[Python-Dev] Product iteration
Eric S. Raymond
Tue, 25 Jul 2000 15:28:32 -0400
Moshe Zadka <firstname.lastname@example.org>:
> A large part of the problem in list comprehensions (I think) is that we
> need to allow more then one "for" term, so we can iterate over the product
> of several lists. Why not solve that the same way we solved the parallel
> iteration problem, by using a function, called, say, "product".
> Then list comprehensions can limited to be (in pseudo formal grammar):
> '[' expr 'for' var 'in' seq [ 'if' pred ] ']'
> Such that "var" can be anything that can today be in a for loop, e.g.,
> (x, (y, z))
> Then we wouldn't have the irksome problem of how for's and if's intermix:
> the predicate at the end can be an and'ed sequence of predicates.
*KLANNGGG!!!* <-- the sound of the sacred two-by-four of enlightenment
belatedly whacking Eric upside the head
Dammit, I should have seen this sooner; the whole debate about parallel
loops and zip() was a flare-lit clue. Gentlemen, we've been going
entirely down the wrong path trying to express list comprehensions via
a syntax in imperative style. What they want to be is an applicative
sublanguage in functional style -- and mostly about data composition
rather than the expression of iteration per se.
zip() is part of this. Finding a way to handle conditionals ain't hard;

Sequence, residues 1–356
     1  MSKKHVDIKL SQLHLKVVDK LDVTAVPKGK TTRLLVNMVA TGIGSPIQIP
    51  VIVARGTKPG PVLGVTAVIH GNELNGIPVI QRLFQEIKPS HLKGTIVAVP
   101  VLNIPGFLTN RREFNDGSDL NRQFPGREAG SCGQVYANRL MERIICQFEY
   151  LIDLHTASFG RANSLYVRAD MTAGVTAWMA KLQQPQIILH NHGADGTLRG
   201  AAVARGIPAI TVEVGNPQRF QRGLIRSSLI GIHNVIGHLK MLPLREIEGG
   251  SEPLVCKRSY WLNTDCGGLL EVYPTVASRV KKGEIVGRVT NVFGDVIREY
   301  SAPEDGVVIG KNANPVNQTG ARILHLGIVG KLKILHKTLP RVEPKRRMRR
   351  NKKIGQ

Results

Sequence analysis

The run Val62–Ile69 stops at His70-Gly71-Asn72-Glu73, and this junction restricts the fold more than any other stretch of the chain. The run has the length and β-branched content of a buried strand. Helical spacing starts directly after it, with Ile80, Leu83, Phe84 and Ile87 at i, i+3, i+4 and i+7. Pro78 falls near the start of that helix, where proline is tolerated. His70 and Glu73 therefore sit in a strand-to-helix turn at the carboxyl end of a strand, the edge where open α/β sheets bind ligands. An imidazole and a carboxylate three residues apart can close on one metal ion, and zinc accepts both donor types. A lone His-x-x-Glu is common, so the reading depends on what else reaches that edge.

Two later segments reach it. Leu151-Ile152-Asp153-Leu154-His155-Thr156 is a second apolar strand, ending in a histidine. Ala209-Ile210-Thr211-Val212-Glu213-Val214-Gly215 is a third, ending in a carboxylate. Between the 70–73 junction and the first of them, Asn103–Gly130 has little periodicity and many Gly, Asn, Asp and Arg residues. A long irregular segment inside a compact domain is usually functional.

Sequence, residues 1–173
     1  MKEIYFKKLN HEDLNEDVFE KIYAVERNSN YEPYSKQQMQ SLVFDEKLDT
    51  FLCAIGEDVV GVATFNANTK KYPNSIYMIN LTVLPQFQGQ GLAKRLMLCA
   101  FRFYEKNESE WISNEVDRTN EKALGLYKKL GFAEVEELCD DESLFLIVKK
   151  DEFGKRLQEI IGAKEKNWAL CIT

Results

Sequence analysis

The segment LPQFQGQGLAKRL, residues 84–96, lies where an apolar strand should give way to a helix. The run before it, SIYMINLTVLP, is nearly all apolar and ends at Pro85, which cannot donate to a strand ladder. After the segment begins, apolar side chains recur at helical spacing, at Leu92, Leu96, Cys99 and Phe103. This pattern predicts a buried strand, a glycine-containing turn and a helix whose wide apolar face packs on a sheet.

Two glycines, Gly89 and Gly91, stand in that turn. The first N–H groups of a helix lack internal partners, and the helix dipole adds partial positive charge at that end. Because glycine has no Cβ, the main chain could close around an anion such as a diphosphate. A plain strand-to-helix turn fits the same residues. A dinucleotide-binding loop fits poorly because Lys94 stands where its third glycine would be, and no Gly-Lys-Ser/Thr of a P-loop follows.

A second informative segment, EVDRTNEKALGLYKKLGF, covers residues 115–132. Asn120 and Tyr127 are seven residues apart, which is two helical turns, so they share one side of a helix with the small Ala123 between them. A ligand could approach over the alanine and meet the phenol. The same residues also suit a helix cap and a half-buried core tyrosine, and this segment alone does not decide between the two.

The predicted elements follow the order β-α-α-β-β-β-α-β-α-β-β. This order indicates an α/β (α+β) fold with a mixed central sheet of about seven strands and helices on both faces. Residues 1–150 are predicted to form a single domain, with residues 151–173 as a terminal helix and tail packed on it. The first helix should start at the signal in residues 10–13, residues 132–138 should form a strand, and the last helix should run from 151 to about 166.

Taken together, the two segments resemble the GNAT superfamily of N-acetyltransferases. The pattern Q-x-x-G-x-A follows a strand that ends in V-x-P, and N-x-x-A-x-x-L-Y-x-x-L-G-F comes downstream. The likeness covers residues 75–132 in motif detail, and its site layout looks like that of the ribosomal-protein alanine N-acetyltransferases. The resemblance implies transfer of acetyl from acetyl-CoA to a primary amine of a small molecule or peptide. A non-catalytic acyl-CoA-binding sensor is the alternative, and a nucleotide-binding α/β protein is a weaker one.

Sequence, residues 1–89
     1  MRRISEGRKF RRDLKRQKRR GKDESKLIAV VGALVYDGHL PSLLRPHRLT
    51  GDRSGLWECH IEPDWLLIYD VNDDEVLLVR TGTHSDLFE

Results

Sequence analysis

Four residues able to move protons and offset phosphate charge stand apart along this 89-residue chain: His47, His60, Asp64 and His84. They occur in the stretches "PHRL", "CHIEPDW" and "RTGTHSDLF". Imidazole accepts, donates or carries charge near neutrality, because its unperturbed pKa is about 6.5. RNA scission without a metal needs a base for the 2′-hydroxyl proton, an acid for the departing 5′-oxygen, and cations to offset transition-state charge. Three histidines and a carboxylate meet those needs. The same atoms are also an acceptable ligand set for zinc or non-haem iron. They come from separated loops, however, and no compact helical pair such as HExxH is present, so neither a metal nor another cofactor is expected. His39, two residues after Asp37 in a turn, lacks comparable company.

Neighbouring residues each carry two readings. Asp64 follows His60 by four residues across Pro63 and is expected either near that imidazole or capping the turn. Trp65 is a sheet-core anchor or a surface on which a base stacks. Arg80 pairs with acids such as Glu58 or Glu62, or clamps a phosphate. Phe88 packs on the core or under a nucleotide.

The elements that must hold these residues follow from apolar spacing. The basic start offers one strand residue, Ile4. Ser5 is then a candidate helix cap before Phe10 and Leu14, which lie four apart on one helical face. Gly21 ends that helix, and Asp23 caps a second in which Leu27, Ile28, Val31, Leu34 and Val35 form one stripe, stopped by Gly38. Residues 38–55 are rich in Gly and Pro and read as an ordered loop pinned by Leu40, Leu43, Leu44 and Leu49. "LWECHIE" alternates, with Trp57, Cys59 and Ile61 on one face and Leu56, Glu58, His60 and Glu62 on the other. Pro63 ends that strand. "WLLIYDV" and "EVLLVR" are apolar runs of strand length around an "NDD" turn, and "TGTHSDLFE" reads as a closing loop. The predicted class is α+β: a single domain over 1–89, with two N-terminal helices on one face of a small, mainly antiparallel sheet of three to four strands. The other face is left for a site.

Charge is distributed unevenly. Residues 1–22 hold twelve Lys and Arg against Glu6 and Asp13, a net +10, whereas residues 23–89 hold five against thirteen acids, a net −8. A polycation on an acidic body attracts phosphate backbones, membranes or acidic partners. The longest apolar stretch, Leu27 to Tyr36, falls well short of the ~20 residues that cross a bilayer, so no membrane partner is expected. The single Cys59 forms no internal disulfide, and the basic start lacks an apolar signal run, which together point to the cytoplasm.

in fact, it's already in the language! The right way to say
[x**2 for x in range(1, 99) if isprime(x)]
is like this:
[x**2 for x in filter(isprime, range(1, 99)]
Look at the implications: there is no longer any need for special
syntax (or for python-dev debates over special syntax, or newbie
confusion over special syntax) on the right side of the for. We get
all the power of list comprehensions from one simple [for ... in ...]
construct exactly parallel to the for ... in that Python programmers
So instead of trying to fix list comprehensions with syntactic hacks,
we can extend it by having a properly rich and orthogonal set of
filter, zip, product, and lambda are good enough to cover anything the
presently proposed comprehension syntax can handle. But there's a
difference, because unfreezing and extending a syntax is a heckuva
lot harder than inventing new functional constructors.
If you notice that this looks a lot like LISP or F or Haskell, you win.
These languages got comprehensions right on the basis of a lot of
experience in depth. We can learn from their example.
<a href="http://www.tuxedo.org/~esr">Eric S. Raymond</a>
An armed society is a polite society. Manners are good when one
may have to back up his acts with his life.
-- Robert A. Heinlein, "Beyond This Horizon", 1942